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Diagnosis: A-Hole

The holidays bring out the best in us. 

Even our inner asshole.

Diagnosis: A-Hole by Paul Greenberg

The week before Christmas, I was diagnosed as bipolar. That was the day I decided to let my inner asshole shine. Fuck mood swings, hysteria, and depression. After leaving my shrink’s office that day, I decided to celebrate by saying, “fuck it all.”

Misery begins at home.

I live on the second of a three-floor tenement with my dog Butch in a predominantly white trash corner of the North Shore.

On the first floor lives a woman. She's also single, has no pets, and is an alcoholic.

Everyone in the apartment shares the same driveway. On any given day, I can find a half-dozen little nips of vodka lying like dead soldiers next to her car, along with the contents of her ashtray and pennies she drops there to bait me. At least that's what my paranoia tells me.

I may have ignored this behavior before but now I clearly see this as the “fuck you” moment it’s meant to be. I take the vodka nips and line them up like Christmas lights in front of the door for all to see. They blink Absolut blue as the sun shines on them in the wee hours of a sparkling new day. The smell is like a rummy’s breath on your neck as you open the door. I go back to the driveway and play foot hockey with the pennies, kicking them toward her car. As they ping off her Subaru, I shout, “Score!”

Upstairs, four generations of South Americans share two bedrooms. They run an illegal daycare during the week and every morning I watch people drop off their toddlers. Those blessed sweet children run around the apartment for the next twelve hours, jumping off furniture, running in and out of the building, slamming doors, and making my dog jump out of his shit all day.

There’s nothing like coming home after work, hoping to settle into your comfy chair, only to have a dog on the verge of a nervous breakdown.

The daddy up there is a big, bald, brute of a guy with one eye. I always suspected he could speak more English than he let on, so when he complained about Butch by pantomiming a barking dog with his hand, I went off my fucking nut.

“My dog will stop barking when your brats stop imitating the eighty-six Celtics up there. Comprende? Tell Parrish, Bird, and McHale to stop pounding the parquet and my dog will stop barking. Comprende?”

A few days later, One Eye Guy has done some body work on my white Ford Fusion. Black goo has been squeezed into the crevice surrounding the loose back quarter panel, like ants surrounding a peanut butter sandwich on Wonder Bread.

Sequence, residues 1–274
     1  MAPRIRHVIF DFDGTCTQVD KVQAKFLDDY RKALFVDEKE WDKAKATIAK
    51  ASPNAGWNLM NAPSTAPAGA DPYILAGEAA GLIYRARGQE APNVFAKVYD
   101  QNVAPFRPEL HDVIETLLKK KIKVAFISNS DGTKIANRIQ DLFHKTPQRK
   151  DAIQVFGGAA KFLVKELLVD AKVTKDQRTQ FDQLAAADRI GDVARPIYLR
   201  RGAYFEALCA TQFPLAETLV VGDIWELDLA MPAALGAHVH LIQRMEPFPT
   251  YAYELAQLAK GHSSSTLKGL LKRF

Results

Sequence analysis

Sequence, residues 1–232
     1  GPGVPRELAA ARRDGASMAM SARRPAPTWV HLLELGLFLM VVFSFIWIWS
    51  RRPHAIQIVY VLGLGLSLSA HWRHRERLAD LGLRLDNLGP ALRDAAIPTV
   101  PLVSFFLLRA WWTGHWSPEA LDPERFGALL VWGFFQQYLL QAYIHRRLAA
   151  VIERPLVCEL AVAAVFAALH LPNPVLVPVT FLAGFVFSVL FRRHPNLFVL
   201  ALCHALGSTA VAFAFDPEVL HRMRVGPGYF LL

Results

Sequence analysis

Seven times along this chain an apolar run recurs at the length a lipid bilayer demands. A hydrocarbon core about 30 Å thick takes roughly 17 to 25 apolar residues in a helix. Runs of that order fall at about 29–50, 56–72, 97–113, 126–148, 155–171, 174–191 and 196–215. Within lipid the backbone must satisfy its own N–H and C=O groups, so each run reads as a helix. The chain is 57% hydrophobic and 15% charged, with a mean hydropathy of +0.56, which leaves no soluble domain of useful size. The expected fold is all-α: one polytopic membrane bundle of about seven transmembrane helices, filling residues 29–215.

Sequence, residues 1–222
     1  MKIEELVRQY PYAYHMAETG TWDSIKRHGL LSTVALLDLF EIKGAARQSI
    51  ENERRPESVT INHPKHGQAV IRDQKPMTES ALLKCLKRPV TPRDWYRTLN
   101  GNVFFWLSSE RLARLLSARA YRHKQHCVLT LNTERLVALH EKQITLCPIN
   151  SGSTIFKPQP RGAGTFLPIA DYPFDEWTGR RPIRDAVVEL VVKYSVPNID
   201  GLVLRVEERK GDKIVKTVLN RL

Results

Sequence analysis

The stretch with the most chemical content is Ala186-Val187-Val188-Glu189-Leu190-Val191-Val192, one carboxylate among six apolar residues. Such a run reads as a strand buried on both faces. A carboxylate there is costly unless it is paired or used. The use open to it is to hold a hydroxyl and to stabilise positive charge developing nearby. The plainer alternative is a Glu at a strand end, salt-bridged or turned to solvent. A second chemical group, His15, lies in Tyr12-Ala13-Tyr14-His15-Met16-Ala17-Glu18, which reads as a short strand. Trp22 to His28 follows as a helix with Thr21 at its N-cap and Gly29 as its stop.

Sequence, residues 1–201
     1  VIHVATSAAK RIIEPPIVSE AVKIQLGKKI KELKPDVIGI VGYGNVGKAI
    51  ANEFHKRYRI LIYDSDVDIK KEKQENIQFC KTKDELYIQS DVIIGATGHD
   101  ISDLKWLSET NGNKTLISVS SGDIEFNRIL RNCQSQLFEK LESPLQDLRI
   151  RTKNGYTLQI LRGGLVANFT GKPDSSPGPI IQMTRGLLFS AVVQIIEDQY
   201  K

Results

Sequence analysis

I know this is a sign he wants to be friends but why give up an opportunity to make an enemy? Would I find him in my apartment next giving the kitchen floor a nice coat of wax?

 It happens on Christmas Eve. I watch from my window as One Eye Guy directs traffic out front, squeezing as many cars into the driveway as possible. Baskets of food, presents, and cases of Presidente beer are hauled upstairs.

The karaoke machine comes on and the ceiling starts shaking. I pick up the aluminum bat I keep for security and put on a Batman mask I saved from Halloween. Turning on my stereo, I pick out Trent Reznor’s cover of “The Immigrant Song,” crank it, and make my way upstairs.

It’s raucous in there and when it sounds like the crowd is going to collectively cum, I bang the bat on the door. The music stops and the crowd gets quiet. When the door opens and my big moment comes, I plan to scream, “turn the fucking music down.” My voice cracks instead and I end up sounding like some wheezing crack whore.

Everyone laughs and I yank off my mask. They recognize me as the asshole from downstairs. The laughs turn to an inviting cry of joy, applause, and shouts of “Merry Christmas!” I’m pulled in and the woman from the first floor hands me the coldest beer I’ve ever had, then kisses me under the mistletoe.

The day I’m diagnosed as bipolar becomes the start of me putting away my ass hat. Merry Christmas.

Paul's first book of short stories, "Dead Guy in the Bathtub," will be released late March from All Due Respect Books.